I walked around, bought my tickets for the boat, and woke to a rainy, cold, windy day.
Even the metal seagulls wanted to fly away.

My hotel was across the street from the port, so it was easy to find my boat.

But--after shlepping 5 hours in a stinky, smoke filled bus (it seems like everyone in Greece smokes, man woman, and child) -- the boat from Volos wasn't sailing, either. So back to the KTEL station (sort of a cross between the Tel Aviv Central Bus Station and the old NYC Port Authority terminal) and back to Athens.

But first, a little photo-op for my two prospective Sockpaloooza socks. I'll knit both pairs and send the better of the two out, since my sockpal's measurments are just about the same as mine.

Broadripple against the too broad ripples of the sea:

and Jaywalkers jaywalking across the port road of Volos:

On the way back there was a terrible traffic jam. Why? There were four tank carriers parked on the side of the road.

Greek men must do a year of compulsory army service. So why were a few tanks such a big deal? Ho hum, yawn--I've seen bigger tanks parked on my front lawn.

Next up: Yarn, yarn, yarn.

Monday, March 13, 2006

It's all Greek to me

The trip of a thousand stitched begins with a single bag of yarn.

The Greek are just like Israelis, only more so. Very, very laid back--our flight was boarding at 5:15 for a 6:00 take off, and the gate agents finally strolled up to the gate at 5:45. Then the pilot flew double fast to keep on schedule. At the airport in Athens there were almost no signs telling you where to go, so people stood ont the Passport Control line only to find out that this was passport control for transfer flights, and we had to stand on a different line if we were staying in Athens. At least the luggage came quickly.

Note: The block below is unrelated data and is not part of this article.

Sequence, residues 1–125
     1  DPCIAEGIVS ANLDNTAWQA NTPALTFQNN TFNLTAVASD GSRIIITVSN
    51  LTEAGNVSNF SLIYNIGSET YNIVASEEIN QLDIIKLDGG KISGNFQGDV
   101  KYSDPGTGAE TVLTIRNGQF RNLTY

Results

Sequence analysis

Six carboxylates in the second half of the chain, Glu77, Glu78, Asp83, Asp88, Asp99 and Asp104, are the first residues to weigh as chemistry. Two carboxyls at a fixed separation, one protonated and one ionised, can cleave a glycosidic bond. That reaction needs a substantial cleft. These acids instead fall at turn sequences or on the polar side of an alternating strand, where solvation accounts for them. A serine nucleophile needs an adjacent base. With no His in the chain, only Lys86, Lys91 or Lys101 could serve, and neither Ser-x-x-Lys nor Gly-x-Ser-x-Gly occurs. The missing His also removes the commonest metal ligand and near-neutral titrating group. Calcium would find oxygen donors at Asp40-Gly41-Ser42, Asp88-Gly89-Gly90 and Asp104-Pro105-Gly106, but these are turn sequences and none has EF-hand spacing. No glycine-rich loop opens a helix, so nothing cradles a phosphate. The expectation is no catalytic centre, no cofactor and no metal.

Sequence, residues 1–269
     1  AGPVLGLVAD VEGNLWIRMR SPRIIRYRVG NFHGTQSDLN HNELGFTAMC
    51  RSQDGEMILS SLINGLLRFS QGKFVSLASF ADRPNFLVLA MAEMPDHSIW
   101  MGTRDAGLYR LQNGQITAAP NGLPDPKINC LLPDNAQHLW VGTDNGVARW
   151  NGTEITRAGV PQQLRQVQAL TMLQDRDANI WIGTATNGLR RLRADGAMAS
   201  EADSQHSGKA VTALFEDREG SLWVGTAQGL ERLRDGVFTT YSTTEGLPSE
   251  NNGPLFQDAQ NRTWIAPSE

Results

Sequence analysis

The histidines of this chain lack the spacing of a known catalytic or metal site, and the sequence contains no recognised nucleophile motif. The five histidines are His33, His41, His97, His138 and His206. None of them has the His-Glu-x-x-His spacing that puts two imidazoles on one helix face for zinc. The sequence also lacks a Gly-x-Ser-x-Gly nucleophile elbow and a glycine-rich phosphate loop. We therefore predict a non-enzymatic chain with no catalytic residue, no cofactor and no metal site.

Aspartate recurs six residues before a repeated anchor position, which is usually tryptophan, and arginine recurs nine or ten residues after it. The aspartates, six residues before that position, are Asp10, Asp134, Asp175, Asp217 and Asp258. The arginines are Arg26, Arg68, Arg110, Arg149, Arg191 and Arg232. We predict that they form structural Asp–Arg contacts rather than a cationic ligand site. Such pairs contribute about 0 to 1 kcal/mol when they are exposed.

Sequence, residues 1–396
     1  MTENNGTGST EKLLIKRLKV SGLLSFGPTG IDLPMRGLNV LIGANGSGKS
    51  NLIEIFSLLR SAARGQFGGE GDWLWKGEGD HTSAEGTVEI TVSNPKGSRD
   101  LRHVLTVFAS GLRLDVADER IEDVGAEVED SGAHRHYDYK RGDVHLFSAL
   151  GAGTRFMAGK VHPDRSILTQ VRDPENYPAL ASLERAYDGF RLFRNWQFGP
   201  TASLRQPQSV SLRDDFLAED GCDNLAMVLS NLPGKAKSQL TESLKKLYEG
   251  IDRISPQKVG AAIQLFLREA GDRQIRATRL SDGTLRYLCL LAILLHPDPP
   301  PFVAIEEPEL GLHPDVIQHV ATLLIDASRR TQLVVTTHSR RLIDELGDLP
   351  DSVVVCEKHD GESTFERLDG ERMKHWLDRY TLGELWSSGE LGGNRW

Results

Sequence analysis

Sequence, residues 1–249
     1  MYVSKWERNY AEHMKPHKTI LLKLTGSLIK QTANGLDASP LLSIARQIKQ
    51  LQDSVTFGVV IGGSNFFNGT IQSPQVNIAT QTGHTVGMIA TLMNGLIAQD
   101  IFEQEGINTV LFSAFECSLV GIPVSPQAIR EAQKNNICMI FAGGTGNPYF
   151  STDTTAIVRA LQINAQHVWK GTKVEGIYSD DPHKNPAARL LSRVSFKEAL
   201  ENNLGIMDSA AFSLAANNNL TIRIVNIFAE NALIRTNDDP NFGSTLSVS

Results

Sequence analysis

My contact person met me at the airport (SMS is a wonderful invention) and took me to my hotel, the Titania on Panepistimiou, then told me to go touring a while, as she had meetings to do.

Consulted my knitting, and it told me--to the Acropolis.

Simple enough--go two blocks to the Metro station, watch what everyone else is doing (buying tickets and putting them through the validation machine) and do the same. Maps in the Metro are in Greek and in English. Take the subway two stops to the Acropolis, get out and--no maps. But when this

is visible, it's pretty obvious where you need to go.

First stop was the Theatre of Dionysos. Since I have a B.A. in Theater, this was exteremly cool. To be somewhere you've learned about and never expected to go...

Then you climb and climb and climb to get to the temples on the top of teh mountain. Remember the ampitheater? Sure you do--it was about 2 lines up. Well, here's how it looks from almost at the top:

What knitting wants, knitting gets. Holly's neck band at the Parthenon:

Next: My big, fat, wasted Greek trip.

Monday, March 06, 2006

What a black hole looks like, part 2

Packing for Paris and Mexico City, plus knitting to be finished--Odessa, Holly, and Glad Raggs.

And this was before I found out that I'm off to Greece at 6am, staying until Friday, then home, Purim, and off again on Tuesday night. Wonder if I'll get a chance to do my laundry between flights...

Knitting coming with me to Greece: Holly, Glad Raggs (both to be finished there) and Broadripple and Jaywalker, one of which will be my Sockpaloooza socks.

I'm supposed to go to the Greek island of Alonissos, but the weather may force the cancellation of the scheduled boat, in which case I'll be stuck in Athens. I'm not sure what to pray for.

Saturday, March 04, 2006

The black hole part 1

Where have I disappeared? Knitting (pics tomorrow) for my trip to Paris & Mexico City. And tonight my boss informed me I may have to go to Athens for 2-3 days. Which means that in a period of 7 days I may do 4 transcontinental flights and visit 3 countries, none of whose languages do I speak.